As for Queensland, the number of government safety inspections declined from 1,781 in the 2015–2016 financial year, to 1,241 in 2018–2019.
Lynham claimed in July that the reduction was due to “prioritisation of workload as a result of fatal accidents investigation and increased focus on coal workers’ pneumoconiosis.”
Pneumoconiosis, or black lung as it is commonly known, has been ballooning in Queensland over recent years. By the state government’s own admission, instances of the incurable disease among coal workers have risen from 3 in 2015 to 39 as of October this year—though evidence of a decades long cover-up means the true figures could be much higher.
The destruction of full-time jobs and the rise of contract labour has played a chief role in deteriorating safety standards. About half of Queensland’s mining workers are now contractors from labour hire companies, giving mining companies the flexibility to fire and hire in line with the demands of the market, placing many workers in precarious employment.
Workers are subjected to bonuses and fines in regard to safety performance, putting many under pressure to use faulty equipment and under-report incidents and “lost time injuries” (LTI), which result in lost production time.
The Courier Mail reported in October that there had been more than 11,500 “high potential incidents” at Queensland mines and quarries since 2013–14, including fires, along with equipment and structural failures.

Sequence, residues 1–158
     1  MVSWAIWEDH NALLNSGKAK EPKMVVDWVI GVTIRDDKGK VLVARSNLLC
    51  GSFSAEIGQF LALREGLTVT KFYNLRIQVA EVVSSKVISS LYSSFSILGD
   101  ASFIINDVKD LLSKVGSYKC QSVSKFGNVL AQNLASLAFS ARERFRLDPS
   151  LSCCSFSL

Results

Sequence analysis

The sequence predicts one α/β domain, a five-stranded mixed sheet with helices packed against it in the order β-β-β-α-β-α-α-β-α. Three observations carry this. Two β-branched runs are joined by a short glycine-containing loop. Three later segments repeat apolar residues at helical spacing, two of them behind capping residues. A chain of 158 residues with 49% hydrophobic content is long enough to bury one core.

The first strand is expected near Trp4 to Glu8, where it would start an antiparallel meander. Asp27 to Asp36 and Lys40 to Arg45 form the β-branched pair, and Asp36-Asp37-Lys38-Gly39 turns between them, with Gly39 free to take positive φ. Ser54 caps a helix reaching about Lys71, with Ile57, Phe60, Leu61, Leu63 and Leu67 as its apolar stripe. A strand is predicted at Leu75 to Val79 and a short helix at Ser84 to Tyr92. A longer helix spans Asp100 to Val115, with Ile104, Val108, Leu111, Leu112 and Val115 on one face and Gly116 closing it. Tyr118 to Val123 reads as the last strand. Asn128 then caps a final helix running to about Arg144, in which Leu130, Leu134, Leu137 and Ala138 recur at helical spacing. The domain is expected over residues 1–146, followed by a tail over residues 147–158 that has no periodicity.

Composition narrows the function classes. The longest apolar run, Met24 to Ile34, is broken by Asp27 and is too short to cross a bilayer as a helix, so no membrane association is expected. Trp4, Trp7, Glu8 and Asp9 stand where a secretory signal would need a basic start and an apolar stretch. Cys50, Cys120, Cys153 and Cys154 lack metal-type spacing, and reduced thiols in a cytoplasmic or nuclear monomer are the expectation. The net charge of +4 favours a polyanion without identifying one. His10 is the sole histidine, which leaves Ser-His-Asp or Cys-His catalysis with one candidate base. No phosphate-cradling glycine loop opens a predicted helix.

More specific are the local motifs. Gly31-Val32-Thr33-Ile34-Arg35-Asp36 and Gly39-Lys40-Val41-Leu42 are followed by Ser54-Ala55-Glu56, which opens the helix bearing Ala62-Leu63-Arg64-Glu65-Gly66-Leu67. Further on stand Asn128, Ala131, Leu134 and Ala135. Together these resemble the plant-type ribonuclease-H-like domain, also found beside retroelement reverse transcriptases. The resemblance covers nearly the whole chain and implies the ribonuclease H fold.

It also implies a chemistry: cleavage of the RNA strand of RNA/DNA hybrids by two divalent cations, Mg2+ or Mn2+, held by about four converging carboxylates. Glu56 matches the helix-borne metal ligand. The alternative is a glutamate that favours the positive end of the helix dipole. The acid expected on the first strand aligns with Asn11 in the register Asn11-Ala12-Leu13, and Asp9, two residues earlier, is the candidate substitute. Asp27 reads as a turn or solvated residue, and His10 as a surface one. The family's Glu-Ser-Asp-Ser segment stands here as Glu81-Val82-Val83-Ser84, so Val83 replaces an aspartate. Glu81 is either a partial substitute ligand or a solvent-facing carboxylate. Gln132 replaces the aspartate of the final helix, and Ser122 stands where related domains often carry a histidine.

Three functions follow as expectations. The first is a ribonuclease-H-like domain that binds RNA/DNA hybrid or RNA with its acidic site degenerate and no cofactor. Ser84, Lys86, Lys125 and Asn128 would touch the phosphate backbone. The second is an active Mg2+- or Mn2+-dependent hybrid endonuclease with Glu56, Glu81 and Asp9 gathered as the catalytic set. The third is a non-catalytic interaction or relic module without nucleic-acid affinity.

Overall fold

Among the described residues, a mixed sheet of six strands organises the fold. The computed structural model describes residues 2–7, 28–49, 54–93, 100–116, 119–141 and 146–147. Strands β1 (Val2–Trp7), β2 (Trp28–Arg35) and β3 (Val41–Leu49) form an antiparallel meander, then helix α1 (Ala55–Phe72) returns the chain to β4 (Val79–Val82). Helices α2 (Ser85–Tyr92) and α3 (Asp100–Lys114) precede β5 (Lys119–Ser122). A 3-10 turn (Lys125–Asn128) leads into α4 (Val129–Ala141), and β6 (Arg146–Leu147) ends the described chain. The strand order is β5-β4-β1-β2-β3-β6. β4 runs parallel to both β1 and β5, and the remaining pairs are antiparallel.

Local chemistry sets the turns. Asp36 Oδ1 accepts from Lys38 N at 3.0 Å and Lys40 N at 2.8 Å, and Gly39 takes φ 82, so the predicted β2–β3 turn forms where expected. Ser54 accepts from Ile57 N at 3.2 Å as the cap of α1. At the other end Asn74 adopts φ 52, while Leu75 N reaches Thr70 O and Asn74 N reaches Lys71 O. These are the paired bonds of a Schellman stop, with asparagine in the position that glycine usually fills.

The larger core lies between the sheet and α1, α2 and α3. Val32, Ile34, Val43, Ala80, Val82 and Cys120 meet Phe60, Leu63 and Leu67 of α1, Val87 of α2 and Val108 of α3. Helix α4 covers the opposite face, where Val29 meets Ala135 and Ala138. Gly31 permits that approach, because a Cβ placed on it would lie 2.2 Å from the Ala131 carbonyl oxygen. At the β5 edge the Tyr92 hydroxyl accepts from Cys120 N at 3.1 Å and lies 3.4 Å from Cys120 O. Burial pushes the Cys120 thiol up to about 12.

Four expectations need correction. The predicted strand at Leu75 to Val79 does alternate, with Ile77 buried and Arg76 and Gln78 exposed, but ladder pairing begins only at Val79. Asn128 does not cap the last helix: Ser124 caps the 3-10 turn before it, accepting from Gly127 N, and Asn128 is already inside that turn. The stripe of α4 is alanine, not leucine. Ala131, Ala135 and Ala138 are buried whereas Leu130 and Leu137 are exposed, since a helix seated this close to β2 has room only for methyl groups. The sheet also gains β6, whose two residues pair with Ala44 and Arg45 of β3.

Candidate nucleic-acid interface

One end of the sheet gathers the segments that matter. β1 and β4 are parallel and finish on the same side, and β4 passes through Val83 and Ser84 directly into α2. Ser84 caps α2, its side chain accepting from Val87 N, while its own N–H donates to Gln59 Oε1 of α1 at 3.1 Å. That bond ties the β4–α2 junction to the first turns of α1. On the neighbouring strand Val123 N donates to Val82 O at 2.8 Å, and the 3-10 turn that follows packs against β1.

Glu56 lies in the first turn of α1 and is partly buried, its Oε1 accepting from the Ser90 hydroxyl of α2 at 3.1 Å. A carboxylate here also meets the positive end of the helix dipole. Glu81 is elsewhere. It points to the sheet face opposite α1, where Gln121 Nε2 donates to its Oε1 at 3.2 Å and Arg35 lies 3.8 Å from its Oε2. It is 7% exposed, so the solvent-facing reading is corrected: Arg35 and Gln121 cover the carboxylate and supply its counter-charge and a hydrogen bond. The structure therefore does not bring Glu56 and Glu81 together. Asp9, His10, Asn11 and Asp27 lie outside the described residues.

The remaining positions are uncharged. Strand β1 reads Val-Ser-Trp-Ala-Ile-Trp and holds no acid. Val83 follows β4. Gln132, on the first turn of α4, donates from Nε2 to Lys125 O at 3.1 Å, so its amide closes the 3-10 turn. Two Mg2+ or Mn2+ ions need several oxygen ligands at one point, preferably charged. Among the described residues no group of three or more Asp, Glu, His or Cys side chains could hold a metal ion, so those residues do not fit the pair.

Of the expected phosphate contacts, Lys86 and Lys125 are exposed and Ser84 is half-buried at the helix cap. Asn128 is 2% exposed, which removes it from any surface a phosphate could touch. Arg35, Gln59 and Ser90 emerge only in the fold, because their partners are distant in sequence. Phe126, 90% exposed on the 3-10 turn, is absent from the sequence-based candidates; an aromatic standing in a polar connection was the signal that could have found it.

In the wake of Duxbury’s death, the state Labor government has announced an extension of two-year old industrial manslaughter laws to include the mining industry. The laws were enacted on the pretence of protecting industrial workers by holding individual employers to account for workplace deaths if they are found to be negligent in workplace safety.
The laws will do nothing of the sort, as the conditions facing miners are a product not just of the actions of the CEOs but of the entire gamut of politicians and unions who uphold the profit system. There has not been one prosecution under the legislation, despite the fact that it has been in place across other industries for two years.
CFMMEU mining and energy president Stephen Smyth welcomed the industrial manslaughter laws, saying they were a “good start” and “well overdue.” On the safety risks resulting from an increase in contractors, Smyth added: “It’s certainly something that has led to a lot of inexperienced people coming in, not being trained or not mentored right, and has led to a culture of behaviour where the employer just thinks they can do whatever they like and get away with it.”
These conditions, however, are a direct result of the actions of the trade unions. For decades, they have collaborated with company management, enforcing cuts to full-time work and conditions in the name of ensuring “international competitiveness,” while suppressing any opposition from workers.
In July 2017, the CFMMEU isolated a struggle by workers at Glencore’s Oakey North Coal mine who were locked out for 230 days for opposing increased casualisation.
The CFMMEU enforced the anti-strike provisions of the 2009 Fair Work Act, introduced by the former federal Labor government with the full support of the unions. The union eventually pushed a sell-out deal containing the company’s key demands for the suppression of wages and ongoing attacks on conditions.
The conditions in the mining sector in Queensland, and across the country, are a graphic demonstration of the fact that workers can only take up a fight for their social rights, including to workplace safety, through a rebellion against the trade unions and a complete break with the big business Labor Party.